It's been a long journey so far. And with four years to come it's only going to be harder and longer. But I've been my biggest critic and now as I would expect nothing less, I am going into a race week feeling better than I ever.

The success is nothing without the journey. The struggles of today make tomorrow's victories vindicating.

Thursday, February 13, 2014

Why I Want Shani Davis to Win

Before I even get started on this there are a few things I have to explain. I've ALWAYS put athletes on some sort of pedestal. I always thought that those that could achieve so much must have 'it'. I've never ever ever been confused as the most talented person, much less the most athletic. With that being said, I think subconsciously I've always thought the same about great athletes: they couldn't just be incredibly gifted and talented they must be gutting and working so unfathomably hard to perform at that high of a level.

It took me a very, very long time to realize it's not always the case. There are incredibly talented athletes that don't need to work as hard to achieve. They generally piss me off because I want them to work harder, to be even greater. Nevertheless, so many times in my life have a seen a skater that I looked up to when I was younger and surely thought they must be the hardest working person in the sport only to find out later that it is not the case. Time in time again I found out they weren't the person I envisioned in my head.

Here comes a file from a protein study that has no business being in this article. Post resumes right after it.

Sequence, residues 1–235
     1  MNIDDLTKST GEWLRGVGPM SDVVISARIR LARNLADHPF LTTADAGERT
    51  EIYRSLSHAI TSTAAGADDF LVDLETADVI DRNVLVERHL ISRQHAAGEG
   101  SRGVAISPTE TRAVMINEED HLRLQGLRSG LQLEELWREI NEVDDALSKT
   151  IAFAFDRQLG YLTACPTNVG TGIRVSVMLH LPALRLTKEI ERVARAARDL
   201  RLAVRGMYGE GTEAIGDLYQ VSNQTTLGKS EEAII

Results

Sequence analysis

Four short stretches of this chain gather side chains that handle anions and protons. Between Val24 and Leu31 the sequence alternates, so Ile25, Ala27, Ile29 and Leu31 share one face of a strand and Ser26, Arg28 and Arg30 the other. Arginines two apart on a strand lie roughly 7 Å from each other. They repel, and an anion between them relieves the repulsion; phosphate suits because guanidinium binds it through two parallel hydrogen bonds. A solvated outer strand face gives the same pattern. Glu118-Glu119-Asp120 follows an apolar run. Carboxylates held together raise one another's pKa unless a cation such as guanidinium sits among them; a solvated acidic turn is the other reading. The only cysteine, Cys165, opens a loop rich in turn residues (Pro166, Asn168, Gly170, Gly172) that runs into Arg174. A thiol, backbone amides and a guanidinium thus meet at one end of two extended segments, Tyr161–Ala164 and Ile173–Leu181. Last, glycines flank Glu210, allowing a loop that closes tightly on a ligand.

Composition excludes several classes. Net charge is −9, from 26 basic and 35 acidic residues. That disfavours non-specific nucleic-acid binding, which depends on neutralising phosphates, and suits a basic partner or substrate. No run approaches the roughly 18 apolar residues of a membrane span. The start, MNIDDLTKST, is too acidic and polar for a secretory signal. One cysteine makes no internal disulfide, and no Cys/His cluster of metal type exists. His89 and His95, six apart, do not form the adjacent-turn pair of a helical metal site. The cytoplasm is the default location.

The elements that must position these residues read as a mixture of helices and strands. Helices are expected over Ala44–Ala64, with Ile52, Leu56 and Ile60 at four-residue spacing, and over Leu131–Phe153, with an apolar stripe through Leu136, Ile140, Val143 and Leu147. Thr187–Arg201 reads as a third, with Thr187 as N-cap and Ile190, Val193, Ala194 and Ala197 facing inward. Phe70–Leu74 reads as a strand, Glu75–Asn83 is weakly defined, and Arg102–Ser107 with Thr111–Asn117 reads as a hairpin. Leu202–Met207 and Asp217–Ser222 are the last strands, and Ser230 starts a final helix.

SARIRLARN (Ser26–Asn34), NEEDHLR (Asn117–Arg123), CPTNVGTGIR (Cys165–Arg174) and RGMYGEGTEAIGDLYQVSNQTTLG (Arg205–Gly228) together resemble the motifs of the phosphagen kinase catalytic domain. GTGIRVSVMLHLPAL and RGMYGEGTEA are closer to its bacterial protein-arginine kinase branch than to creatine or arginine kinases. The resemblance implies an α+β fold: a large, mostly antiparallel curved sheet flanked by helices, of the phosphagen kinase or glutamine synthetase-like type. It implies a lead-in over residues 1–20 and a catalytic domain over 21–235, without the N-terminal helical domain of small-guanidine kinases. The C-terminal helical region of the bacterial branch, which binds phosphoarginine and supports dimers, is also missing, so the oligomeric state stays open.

Before I can jump into my rant on Shani I have to explain I am a sports historian, much more a skating statistician. I have always, since I was 12 or 13 looked up decades of results, followed every competition I knew how to find results to. As an inliner I looked up every single result for the US at world championships I could find, individual results, team results, track results, road results.. All of them. I used to marvel not at the fact that Chad Hedrick won tons and tons of medals, but marvel at the margin that he would win point races. I would calculate how many first place laps he must of won. I would look at how many races someone skated at a certain world championships and how many medals they won in those races, how many gold. I would try and create formulas to decide who throughout history should be considered the best.

So when Chad switched to ice I naturally started looking up long track results. By 2006 I was looking up results for every US trials, every world cup, comparing splits. By this time I knew who Shani was. I didn't know Shani, but I knew all about his ability on the ice. I knew his short track background, his alternate status on the short track Olympic team in Salt Lake City in 2002. I knew that he barely ever lost.

He only got better, after the Turino games Shani hit his prime. It's difficult to understand, he is a world record holder. He has the 10 fastest sea level 1000m races ever. He has won sprint championships and all around championships.